Nonetheless, mining employment growth was more significant on a state basis; of the 300,000 increase in employment in Western Australia over the decade, almost 50,000 were in the mining sector. [16]

More recent data suggest the import share for inputs used in mining operations in Western Australia was around 8 per cent in 2009 and 4 per cent in 2010; see Department of State Development and Department of Commerce (2011). [17]

Note that accommodation, cultural and personal services include some non-wage expenses provided to mining industry workers. Also, the input-output data show construction supplies only around 8 per cent of total mining inputs. However, this figure does not include the substantial amount of mining investment that takes place within the construction industry itself (see section below). [18]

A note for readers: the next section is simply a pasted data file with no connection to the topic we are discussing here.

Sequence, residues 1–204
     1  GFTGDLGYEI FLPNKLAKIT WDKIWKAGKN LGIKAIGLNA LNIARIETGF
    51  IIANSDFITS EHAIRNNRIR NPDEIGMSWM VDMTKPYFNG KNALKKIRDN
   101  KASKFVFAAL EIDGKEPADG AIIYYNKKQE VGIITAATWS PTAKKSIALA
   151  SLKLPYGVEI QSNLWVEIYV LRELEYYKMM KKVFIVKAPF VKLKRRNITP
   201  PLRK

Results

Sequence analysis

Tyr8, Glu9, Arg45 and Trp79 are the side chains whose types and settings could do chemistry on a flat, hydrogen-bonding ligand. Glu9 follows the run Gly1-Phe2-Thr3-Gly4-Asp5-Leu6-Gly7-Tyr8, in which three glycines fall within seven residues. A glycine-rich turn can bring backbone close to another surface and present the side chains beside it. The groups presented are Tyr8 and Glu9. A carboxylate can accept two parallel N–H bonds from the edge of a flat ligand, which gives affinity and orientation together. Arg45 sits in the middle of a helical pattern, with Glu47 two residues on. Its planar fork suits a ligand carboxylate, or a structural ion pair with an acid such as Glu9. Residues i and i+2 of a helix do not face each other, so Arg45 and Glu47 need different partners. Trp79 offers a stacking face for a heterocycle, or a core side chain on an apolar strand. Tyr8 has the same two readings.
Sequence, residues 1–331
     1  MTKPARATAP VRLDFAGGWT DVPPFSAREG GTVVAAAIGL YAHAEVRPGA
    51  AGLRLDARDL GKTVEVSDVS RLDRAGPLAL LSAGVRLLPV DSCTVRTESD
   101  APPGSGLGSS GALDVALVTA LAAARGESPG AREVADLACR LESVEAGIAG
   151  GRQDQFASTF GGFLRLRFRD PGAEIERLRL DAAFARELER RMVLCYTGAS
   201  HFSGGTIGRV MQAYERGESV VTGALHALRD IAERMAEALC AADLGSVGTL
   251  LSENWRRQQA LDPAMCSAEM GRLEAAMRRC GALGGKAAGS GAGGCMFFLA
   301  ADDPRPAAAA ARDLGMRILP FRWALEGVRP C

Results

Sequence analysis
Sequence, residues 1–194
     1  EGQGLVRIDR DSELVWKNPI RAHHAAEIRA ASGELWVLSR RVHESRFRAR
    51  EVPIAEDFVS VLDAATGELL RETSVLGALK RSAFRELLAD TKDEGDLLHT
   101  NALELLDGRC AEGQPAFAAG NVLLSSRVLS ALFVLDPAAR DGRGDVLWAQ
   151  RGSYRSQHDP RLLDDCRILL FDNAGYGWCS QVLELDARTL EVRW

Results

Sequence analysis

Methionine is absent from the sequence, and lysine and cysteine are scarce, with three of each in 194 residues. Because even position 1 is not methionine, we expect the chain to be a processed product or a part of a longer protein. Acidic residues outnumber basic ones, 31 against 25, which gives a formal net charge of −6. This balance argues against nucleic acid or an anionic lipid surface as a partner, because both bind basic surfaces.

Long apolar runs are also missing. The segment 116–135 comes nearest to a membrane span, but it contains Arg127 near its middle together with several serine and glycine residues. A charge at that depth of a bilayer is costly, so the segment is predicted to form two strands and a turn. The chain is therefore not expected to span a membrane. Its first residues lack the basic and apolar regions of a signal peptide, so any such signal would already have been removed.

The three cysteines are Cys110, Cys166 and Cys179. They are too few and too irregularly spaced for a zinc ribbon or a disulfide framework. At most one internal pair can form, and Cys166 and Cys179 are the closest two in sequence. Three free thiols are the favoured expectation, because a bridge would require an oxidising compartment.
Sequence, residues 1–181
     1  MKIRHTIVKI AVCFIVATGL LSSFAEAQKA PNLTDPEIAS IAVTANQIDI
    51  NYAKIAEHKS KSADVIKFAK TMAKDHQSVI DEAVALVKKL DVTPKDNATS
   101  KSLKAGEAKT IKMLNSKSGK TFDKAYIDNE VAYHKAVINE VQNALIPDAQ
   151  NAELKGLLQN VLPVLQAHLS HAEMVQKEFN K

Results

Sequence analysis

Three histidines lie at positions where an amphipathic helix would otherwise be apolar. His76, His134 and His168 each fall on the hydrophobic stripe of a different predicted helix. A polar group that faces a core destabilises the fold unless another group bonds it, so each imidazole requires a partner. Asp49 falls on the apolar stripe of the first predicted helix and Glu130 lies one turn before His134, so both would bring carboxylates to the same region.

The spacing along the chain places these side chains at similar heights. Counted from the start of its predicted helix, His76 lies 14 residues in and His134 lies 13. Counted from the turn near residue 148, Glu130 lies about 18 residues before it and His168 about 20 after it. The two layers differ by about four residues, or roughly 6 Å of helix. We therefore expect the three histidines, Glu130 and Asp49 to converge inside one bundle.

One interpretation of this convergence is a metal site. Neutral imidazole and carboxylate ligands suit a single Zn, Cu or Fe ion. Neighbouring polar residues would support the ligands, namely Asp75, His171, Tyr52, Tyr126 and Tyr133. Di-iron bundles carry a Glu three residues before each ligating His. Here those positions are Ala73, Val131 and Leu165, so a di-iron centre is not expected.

The main exceptions are the Petroleum Resource Rent Tax (PRRT) and royalties collected in the Northern Territory, which are levied on measures of profits. The large increase in royalties in the late 1980s was associated with the introduction of the PRRT. In 2010 there was a national debate when the Government proposed replacing the existing system of mining royalties with a broad-based resource rent tax. The proposal was subsequently scaled back to only apply to iron ore and coal production, with the application of the PRRT broadened to include on-shore coal seam gas projects. [19]

This estimate reflects the costs of machinery and equipment, buildings and structures, exploration and software and R&D investment specifically related to mining on-site operations and support activities by contractors (including exploration). It does not include investment in infrastructure used to transport (e.g. rail, roads, pipes) and export (e.g. ports) mining products, or for the processing of minerals. These types of investments have also increased in recent years and are expected to continue to do so. [20]